To me, it's not that consoles are closed against cheaters as much as that they're closed against legitimate developers that happen to be small businesses.[1] What would you suggest that an indie studio working on a PC game do to reach a market of people like you?

DRM on the PC inherently means interfering with the operating system or regularly phoning home with arbitrary data about my system under the assumption it wont change

Games from smaller developers tend to have fewer if any digital restrictions management hassles. They rarely if ever have SecuROM bullcrap, for one. Would you consider buying an PC game with no DRM, or would you reject it just because it's for the PC?

All this said, you state the idea of one time activation as being perhaps acceptable to prevent transferring it to a friend, but again what about my right to sell it on second hand when I've finished with it?

You say this as if consoles were different in this respect. Can you resell an Xbox Live Marketplace download when you're done with it?

What about if they go bust or dissapear for some reason, am I never going to be able to activate it ever again?

You say this as if consoles were different in this respect. Several times, I've bought a PS2 game from the store, unwrapped the shrink wrap, put the disc in the console, turned it on, and tried to go online only to see that the matchmaking server had already been shut down permanently: "DNAS Error (-103) This software title is not in service."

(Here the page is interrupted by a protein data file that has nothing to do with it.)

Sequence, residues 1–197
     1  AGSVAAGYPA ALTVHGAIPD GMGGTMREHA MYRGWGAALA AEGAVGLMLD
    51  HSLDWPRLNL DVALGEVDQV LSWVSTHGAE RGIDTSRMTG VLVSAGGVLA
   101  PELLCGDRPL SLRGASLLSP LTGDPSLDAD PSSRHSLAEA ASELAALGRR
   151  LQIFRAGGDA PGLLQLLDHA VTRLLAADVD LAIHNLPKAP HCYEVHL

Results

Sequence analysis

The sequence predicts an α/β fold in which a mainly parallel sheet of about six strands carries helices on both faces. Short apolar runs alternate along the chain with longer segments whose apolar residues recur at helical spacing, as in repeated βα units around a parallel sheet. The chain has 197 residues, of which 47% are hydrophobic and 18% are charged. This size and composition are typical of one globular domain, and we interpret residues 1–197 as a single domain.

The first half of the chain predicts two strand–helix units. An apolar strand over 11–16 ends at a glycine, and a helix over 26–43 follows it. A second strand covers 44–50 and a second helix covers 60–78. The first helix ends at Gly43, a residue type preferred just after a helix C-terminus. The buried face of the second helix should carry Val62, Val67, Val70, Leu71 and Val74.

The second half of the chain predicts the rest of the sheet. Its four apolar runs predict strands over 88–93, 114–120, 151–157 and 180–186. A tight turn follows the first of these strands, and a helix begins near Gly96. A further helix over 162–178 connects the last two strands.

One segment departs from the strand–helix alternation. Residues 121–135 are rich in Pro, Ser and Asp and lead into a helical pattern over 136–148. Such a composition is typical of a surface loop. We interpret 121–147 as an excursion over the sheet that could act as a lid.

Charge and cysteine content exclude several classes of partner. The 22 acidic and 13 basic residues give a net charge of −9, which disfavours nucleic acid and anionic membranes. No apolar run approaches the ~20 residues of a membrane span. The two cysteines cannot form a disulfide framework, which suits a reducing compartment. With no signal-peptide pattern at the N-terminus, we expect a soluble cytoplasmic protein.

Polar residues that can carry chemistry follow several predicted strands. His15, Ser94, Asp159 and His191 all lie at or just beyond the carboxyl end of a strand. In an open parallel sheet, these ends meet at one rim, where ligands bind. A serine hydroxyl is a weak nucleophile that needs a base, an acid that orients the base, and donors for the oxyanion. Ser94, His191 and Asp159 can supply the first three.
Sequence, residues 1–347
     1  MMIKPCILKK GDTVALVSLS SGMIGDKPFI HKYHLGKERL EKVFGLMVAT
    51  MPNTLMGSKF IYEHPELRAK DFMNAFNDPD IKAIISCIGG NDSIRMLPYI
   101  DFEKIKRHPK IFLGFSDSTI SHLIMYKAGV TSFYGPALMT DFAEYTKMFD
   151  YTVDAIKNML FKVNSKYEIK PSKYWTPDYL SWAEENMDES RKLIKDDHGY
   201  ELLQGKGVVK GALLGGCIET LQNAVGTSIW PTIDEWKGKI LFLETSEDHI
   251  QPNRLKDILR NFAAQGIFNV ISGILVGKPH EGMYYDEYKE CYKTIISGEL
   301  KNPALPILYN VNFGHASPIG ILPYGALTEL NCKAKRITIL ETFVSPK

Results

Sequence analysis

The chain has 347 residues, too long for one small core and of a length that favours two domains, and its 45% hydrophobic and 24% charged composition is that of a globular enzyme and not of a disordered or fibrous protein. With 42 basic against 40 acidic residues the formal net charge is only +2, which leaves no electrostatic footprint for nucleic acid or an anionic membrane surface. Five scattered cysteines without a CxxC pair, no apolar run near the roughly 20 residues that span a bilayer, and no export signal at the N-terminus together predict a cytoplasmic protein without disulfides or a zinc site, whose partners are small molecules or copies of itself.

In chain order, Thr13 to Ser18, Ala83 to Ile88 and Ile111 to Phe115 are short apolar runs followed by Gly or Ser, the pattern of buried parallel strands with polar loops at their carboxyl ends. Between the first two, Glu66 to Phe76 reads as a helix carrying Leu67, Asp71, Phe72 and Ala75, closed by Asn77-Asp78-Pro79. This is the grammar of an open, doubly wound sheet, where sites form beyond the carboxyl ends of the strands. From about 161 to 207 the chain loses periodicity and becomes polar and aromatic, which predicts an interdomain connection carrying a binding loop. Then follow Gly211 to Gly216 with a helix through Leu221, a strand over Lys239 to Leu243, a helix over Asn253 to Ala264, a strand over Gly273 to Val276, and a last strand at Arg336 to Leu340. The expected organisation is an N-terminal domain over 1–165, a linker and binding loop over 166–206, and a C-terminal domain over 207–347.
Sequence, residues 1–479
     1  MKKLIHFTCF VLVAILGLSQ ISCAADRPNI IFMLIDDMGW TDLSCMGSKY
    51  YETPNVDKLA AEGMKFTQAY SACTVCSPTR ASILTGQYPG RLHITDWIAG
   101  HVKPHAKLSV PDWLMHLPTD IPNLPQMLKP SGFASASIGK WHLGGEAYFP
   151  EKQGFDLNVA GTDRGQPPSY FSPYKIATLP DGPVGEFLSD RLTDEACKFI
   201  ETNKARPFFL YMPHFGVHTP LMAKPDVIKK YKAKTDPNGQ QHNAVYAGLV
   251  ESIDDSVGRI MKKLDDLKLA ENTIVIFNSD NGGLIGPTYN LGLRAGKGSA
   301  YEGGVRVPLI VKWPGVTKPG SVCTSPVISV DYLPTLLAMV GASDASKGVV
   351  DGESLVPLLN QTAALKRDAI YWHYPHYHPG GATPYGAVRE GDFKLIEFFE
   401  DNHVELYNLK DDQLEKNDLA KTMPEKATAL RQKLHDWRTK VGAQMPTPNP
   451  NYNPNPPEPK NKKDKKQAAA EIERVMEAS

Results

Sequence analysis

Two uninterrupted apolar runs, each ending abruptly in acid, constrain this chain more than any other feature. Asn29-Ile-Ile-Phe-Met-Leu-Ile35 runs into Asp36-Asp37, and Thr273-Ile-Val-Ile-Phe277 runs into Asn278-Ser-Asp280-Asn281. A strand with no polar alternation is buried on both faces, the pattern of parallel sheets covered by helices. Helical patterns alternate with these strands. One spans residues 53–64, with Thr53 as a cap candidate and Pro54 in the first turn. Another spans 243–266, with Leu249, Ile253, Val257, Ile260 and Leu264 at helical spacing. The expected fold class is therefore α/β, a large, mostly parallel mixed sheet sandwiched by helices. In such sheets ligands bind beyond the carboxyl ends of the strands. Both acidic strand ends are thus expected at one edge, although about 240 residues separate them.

[1] XNA on Xbox 360 is an improvement over the policies of Nintendo and Sony, but it still has severe limitations, a big one being no way to play audio synthesized at runtime.

Re:Indie games (1)

Xest (935314) | more than 4 years ago | (#30171212)

"To me, it's not that consoles are closed against cheaters as much as that they're closed against legitimate developers that happen to be small businesses.[1] What would you suggest that an indie studio working on a PC game do to reach a market of people like you?"

This problem has long been solved by XNA. Alternatively, publishing deals are also an option, plenty of XBox live arcade games are by small developers. You do lose the second hand sales option with Live Arcade much like DRM'd Steam games and such, personally whilst this is annoying this is the lowest on my list of concerns with DRM - loss of ability to activate a game is probably top. There's really no barrier to anyone publishing on the 360 other than the XNA subscription costs which are pocket money for anyone releasing a commercial game - £65 for a year, can't remember but even less for 3 months which is all you need to publish. You mention audio synthesized at run time being a problem, but I'm not sure how many titles this would really effect, but there is still the full Live Arcade route, you can develop your game with something like Torque at www.garagegames.com and aim for publish with them as they have experience of moving games from their engine to the 360 or put a tender direct to Microsoft.

"Games from smaller developers tend to have fewer if any digital restrictions management hassles. They rarely if ever have SecuROM bullcrap, for one. Would you consider buying an PC game with no DRM, or would you reject it just because it's for the PC?"